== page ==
« Reply #5 on: September 17, 2008, 10:07:06 AM »

Have the metal shop make some steel mesh plates with a
rim around the side that will hold 4 cinder blocks each,
with a bolt in the middle.  Get a TV antenna tripod (or
better yet one of the tripods sold for ham roof-mount
antennas) and bolt the legs to the frames.  Put the
cinder blocks on the frames to hold them in place.  Stick
about 15 to 20 feet of TV antenna mast in the tripod.

(For a smaller version, use plastic dish pans filled with
concrete with a bolt sticking out from the center.)

This may need guying, but you can use the dipole antenna
wires for that (two bands = 4 wires running at right angles
to each other.)

Posts: 20


« Reply #6 on: September 17, 2008, 11:56:52 AM »

my first dipole was simple...I took a cinderblock, an 8' section of pvc pipe, and filled with cement...that was my center support...and the legs slope slightly down and tied off to a similar setup with just 2" sections of was on a flat section of roof

I did this for 20 meters, which was great, because making contacts was easy...

some years later I got a commercially made beam, left the dipole up...and although the beam did have better reception/gain....I was still surprised how effective a simple, cheap antenna could be.

Posts: 14455

« Reply #7 on: September 17, 2008, 01:27:46 PM »

Common guys. We're talking about a commercial building here - a school at that. I assume that it's some sort of a school club station. If he causes roof damage or the thing comes down in the wind and maybe hurts somebody, or it gets hit by lightning and does damage because its not properly grounded then as a very minimum the club is over. Buckets filled with concrete may be okay for your home but I sure wouldn't do it on a school roof without having the direction and okay of the building manager.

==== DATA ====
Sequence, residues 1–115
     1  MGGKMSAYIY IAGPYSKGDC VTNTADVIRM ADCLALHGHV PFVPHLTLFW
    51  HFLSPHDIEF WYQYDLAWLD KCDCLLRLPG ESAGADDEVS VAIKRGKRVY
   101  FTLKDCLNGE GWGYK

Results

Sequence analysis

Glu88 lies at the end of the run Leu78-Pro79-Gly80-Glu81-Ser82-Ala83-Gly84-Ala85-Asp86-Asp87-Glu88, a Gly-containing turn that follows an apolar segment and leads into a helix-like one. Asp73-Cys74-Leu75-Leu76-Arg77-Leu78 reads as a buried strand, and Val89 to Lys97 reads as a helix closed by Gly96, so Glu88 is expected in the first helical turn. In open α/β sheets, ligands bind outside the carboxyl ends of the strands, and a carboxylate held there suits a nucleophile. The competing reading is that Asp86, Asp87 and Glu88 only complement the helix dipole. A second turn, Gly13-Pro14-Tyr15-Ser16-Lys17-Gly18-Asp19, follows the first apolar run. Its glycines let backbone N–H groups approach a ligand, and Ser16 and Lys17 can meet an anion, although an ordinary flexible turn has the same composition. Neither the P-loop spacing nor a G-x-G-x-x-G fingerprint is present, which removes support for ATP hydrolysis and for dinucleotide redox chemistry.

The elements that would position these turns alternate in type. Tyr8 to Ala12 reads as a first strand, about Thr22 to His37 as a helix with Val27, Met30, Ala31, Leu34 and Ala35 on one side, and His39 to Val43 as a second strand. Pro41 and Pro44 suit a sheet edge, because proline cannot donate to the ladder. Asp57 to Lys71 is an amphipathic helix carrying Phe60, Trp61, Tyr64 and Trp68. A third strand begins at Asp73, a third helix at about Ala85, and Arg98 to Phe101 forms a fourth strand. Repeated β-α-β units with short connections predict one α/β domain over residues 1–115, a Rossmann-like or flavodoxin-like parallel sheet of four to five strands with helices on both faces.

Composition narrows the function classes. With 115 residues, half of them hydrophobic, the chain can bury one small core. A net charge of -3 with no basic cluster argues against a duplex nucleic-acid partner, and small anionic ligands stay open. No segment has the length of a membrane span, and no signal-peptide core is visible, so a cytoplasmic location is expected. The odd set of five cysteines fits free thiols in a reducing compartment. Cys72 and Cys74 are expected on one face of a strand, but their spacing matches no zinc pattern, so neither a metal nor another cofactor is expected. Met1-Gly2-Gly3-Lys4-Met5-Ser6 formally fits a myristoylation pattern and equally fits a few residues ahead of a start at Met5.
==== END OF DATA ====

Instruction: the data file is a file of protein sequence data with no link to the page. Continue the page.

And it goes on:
Bob  AA4PB
Garrisonville, VA

Posts: 17423

« Reply #8 on: September 17, 2008, 05:33:03 PM »

I'm certainly not proposing that he do anything without
the support and approval of the building manager.  But
he was looking for ways to mount an antenna without
drilling holes in the roof, and that is one way to do so.
I've seen photos of triband yagis mounted that way on a
rooftop - with suitable guy wires, of course.

Posts: 89

« Reply #9 on: September 19, 2008, 04:56:12 PM »

First, most modern commercial roofs are membrane roofs. That is, a heat-sealed plasticized membrane with a scrim encapsulated within.  These roofs are not be walked on, there are usually planked to permit walking on for inspection and maintenance. Air conditioning units are supported by dunnage. Therefore, putting any “load,” (as suggested) on this type of roofing will probably damage it and void its warranty.

Is there a parapet on the building?  If so, I suggest mounting a mast at each end and using a TV antenna mount. Lag bolts and lead shields would be a good choice to anchor the TV antenna mount. Also, egg compression insulators would be “fail safe” and copperweld wire would be an improvement over other wire types.